Mahomet Aquifer Mapping Reveals Surprises and Gains International Collaboration

Geologist Bill Dey loads core into a box for transport.Bill Dey of the Illinois State Geological Survey and George Roadcap of the Illinois State Water Survey (ISWS) met with staff from Illinois American Water (IAW) in early November 2008 to select a drilling location by the company's water tower in north Champaign. The ISGS mobile drill rig was used to drill the hole November 18-20, 2008. Continuous core was collected during drilling, and core recovery was over 80%. A downhole gamma log was collected following drilling. Within the 305 feet of Quaternary sediments overlying the bedrock, only two sand units were encountered that were thick enough to permit installation of an observation well. Each observation well was installed with a 10-foot screen in contact with the sand unit and 10 feet of casing extending below the screen. Neither unit was the Mahomet Sand. A 10-foot-thick sand unit was found 105 to 115 feet below the land surface, which most likely is late Illinois age material in the upper Glasford Formation. The water level measured in the well on December 11, 2008, was below the bottom of the screen. A second sand unit was encountered from 175 to 180 feet below the land surface. This sand is most likely in the lower Glasford Formation and could be part of a lower Glasford aquifer. Drillers' logs for water wells in the area report sand at or near this depth. The water level in the well was measured at 143 feet below the land surface on December 11, 2008. Sediments interpreted to be the top of pre-Illinois Banner Formation were encountered at 205 feet below the land surface. Sand and gravel units representing the Mahomet aquifer were not encountered at this site. Ages and designation of the units will be verified following more detailed description of the core and core sample analysis of particle size distribution and clay mineralogy.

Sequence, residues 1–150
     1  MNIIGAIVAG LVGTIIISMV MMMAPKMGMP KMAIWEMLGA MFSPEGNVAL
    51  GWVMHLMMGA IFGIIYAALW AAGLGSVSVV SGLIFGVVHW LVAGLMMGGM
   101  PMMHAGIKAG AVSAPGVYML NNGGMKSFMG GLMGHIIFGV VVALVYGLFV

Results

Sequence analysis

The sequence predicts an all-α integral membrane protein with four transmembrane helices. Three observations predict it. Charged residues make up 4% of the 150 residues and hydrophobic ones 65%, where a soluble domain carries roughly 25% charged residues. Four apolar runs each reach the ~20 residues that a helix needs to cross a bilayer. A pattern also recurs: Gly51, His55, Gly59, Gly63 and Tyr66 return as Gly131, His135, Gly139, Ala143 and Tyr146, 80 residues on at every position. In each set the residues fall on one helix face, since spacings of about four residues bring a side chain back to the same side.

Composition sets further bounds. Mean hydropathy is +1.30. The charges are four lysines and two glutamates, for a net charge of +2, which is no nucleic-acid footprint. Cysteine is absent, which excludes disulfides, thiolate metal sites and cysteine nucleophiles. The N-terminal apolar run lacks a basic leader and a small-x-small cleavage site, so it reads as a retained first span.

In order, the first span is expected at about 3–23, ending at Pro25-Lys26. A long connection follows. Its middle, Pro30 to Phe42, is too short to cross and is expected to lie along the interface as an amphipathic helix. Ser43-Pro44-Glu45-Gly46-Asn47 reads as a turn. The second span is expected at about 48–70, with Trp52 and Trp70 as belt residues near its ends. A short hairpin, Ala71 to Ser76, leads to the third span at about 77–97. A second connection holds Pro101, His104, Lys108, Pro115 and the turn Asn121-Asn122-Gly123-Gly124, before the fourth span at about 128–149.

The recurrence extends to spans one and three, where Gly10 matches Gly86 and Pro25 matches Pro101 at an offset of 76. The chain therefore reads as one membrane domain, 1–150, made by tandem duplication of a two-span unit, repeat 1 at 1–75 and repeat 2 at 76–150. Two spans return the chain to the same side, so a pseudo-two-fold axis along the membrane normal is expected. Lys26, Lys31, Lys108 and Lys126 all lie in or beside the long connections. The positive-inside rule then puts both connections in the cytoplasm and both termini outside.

Mapping of the potentiometric surface of the Mahomet aquifer by the ISWS shows a steeper hydraulic gradient in northern Champaign County than in other parts of the aquifer. The absence of the Mahomet aquifer at the drill site confirms that the edge of the aquifer is in the area but farther west than previously mapped. It is not well understood if a relationship exists between the somewhat narrower aquifer and the steeper hydraulic gradient in the potentiometric surface of the Mahomet aquifer. The absence of the Mahomet aquifer at this point highlights the uncertainty that exists about the distribution and thickness of the aquifer along its edge in the area directly north of Champaign-Urbana and elsewhere in east-central Illinois. Additional study is warranted, and an increased emphasis is being placed on data acquisition and mapping in this area in 2009. Martin Ross and Lisa Atkinson from the University of Waterloo will be assisting in the mapping effort.